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  1. Contemporary approaches to perception, planning, estimation, and control have allowed robots to operate robustly as our remote surrogates in uncertain, unstructured environments. This progress now creates an opportunity for robots to operate not only in isolation, but also with and alongside humans in our complex environments. Realizing this opportunity requires an efficient and flexible medium through which humans can communicate with collaborative robots. Natural language provides one such medium, and through significant progress in statistical methods for natural-language understanding, robots are now able to interpret a diverse array of free-form navigation, manipulation, and mobile-manipulation commands. However, most contemporary approaches require a detailed, prior spatial-semantic map of the robot’s environment that models the space of possible referents of an utterance. Consequently, these methods fail when robots are deployed in new, previously unknown, or partially-observed environments, particularly when mental models of the environment differ between the human operator and the robot. This paper provides a comprehensive description of a novel learning framework that allows field and service robots to interpret and correctly execute natural-language instructions in a priori unknown, unstructured environments. Integral to our approach is its use of language as a “sensor”—inferring spatial, topological, and semantic information implicit in natural-language utterancesmore »and then exploiting this information to learn a distribution over a latent environment model. We incorporate this distribution in a probabilistic, language grounding model and infer a distribution over a symbolic representation of the robot’s action space, consistent with the utterance. We use imitation learning to identify a belief-space policy that reasons over the environment and behavior distributions. We evaluate our framework through a variety of different navigation and mobile-manipulation experiments involving an unmanned ground vehicle, a robotic wheelchair, and a mobile manipulator, demonstrating that the algorithm can follow natural-language instructions without prior knowledge of the environment.« less
    Free, publicly-accessible full text available March 10, 2023
  2. Unsupervised learning techniques, such as Bayesian topic models, are capable of discovering latent structure directly from raw data. These unsupervised models can endow robots with the ability to learn from their observations without human supervision, and then use the learned models for tasks such as autonomous exploration, adaptive sampling, or surveillance. This paper extends single-robot topic models to the domain of multiple robots. The main difficulty of this extension lies in achieving and maintaining global consensus among the unsupervised models learned locally by each robot. This is especially challenging for multi-robot teams operating in communication-constrained environments, such as marine robots. We present a novel approach for multi-robot distributed learning in which each robot maintains a local topic model to categorize its observations and model parameters are shared to achieve global consensus. We apply a combinatorial optimization procedure that combines local robot topic distributions into a globally consistent model based on topic similarity, which we find mitigates topic drift when compared to a baseline approach that matches topics naively. We evaluate our methods experimentally by demonstrating multi-robot underwater terrain characterization using simulated missions on real seabed imagery. Our proposed method achieves similar model quality under bandwidth-constraints to that achieved by modelsmore »that continuously communicate, despite requiring less than one percent of the data transmission needed for continuous communication.« less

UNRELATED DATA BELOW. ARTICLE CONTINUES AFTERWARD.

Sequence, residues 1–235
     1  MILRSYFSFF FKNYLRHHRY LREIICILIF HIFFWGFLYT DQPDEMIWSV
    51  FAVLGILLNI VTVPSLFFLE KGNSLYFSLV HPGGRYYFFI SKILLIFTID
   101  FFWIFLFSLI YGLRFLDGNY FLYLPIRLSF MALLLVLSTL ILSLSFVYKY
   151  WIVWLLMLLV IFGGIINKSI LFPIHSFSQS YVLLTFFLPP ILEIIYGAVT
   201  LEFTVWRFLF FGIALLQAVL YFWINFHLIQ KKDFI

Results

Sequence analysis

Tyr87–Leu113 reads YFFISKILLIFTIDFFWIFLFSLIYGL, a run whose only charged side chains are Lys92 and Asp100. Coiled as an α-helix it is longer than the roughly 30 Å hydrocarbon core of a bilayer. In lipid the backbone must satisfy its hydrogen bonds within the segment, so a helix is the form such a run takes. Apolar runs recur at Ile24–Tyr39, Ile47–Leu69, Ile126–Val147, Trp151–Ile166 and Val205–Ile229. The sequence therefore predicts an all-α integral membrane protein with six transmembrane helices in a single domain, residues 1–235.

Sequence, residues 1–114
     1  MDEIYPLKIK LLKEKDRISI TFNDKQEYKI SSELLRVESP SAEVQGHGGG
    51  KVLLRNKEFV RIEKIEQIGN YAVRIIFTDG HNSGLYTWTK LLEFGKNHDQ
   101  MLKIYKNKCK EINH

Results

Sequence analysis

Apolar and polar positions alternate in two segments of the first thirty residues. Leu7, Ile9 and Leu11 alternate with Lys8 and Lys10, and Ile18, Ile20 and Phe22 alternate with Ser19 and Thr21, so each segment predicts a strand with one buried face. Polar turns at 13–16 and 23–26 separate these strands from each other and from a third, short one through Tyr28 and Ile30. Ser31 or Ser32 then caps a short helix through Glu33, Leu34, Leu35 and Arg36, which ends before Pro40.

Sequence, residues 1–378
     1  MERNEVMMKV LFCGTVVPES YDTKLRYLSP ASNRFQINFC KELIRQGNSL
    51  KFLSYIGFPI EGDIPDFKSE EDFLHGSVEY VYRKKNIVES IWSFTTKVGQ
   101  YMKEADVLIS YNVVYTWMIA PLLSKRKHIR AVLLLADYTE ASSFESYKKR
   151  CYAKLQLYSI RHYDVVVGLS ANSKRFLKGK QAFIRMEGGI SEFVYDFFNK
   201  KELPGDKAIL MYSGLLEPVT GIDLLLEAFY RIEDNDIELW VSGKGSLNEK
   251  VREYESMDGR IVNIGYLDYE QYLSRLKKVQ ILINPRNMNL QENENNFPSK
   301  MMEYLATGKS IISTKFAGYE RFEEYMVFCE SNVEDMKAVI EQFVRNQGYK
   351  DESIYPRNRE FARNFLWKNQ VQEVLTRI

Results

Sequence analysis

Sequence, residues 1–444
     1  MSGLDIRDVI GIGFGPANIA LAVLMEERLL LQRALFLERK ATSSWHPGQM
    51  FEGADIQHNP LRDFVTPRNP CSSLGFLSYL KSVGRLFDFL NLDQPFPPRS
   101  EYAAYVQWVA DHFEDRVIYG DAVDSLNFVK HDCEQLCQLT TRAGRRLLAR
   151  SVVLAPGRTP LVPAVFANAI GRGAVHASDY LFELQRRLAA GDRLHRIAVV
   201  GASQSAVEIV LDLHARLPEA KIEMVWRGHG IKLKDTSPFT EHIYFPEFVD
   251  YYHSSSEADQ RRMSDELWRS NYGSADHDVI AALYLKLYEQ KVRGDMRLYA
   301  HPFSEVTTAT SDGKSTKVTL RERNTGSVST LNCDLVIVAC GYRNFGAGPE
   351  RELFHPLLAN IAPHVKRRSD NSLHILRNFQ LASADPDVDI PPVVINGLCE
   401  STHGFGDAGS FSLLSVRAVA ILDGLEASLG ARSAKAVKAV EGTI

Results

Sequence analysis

3. The goal of this article is to enable robots to perform robust task execution following human instructions in partially observable environments. A robot’s ability to interpret and execute commands is fundamentally tied to its semantic world knowledge. Commonly, robots use exteroceptive sensors, such as cameras or LiDAR, to detect entities in the workspace and infer their visual properties and spatial relationships. However, semantic world properties are often visually imperceptible. We posit the use of non-exteroceptive modalities including physical proprioception, factual descriptions, and domain knowledge as mechanisms for inferring semantic properties of objects. We introduce a probabilistic model that fuses linguistic knowledge with visual and haptic observations into a cumulative belief over latent world attributes to infer the meaning of instructions and execute the instructed tasks in a manner robust to erroneous, noisy, or contradictory evidence. In addition, we provide a method that allows the robot to communicate knowledge dissonance back to the human as a means of correcting errors in the operator’s world model. Finally, we propose an efficient framework that anticipates possible linguistic interactions and infers the associated groundings for the current world state, thereby bootstrapping both language understanding and generation. We present experiments on manipulators for tasks thatmore »require inference over partially observed semantic properties, and evaluate our framework’s ability to exploit expressed information and knowledge bases to facilitate convergence, and generate statements to correct declared facts that were observed to be inconsistent with the robot’s estimate of object properties.« less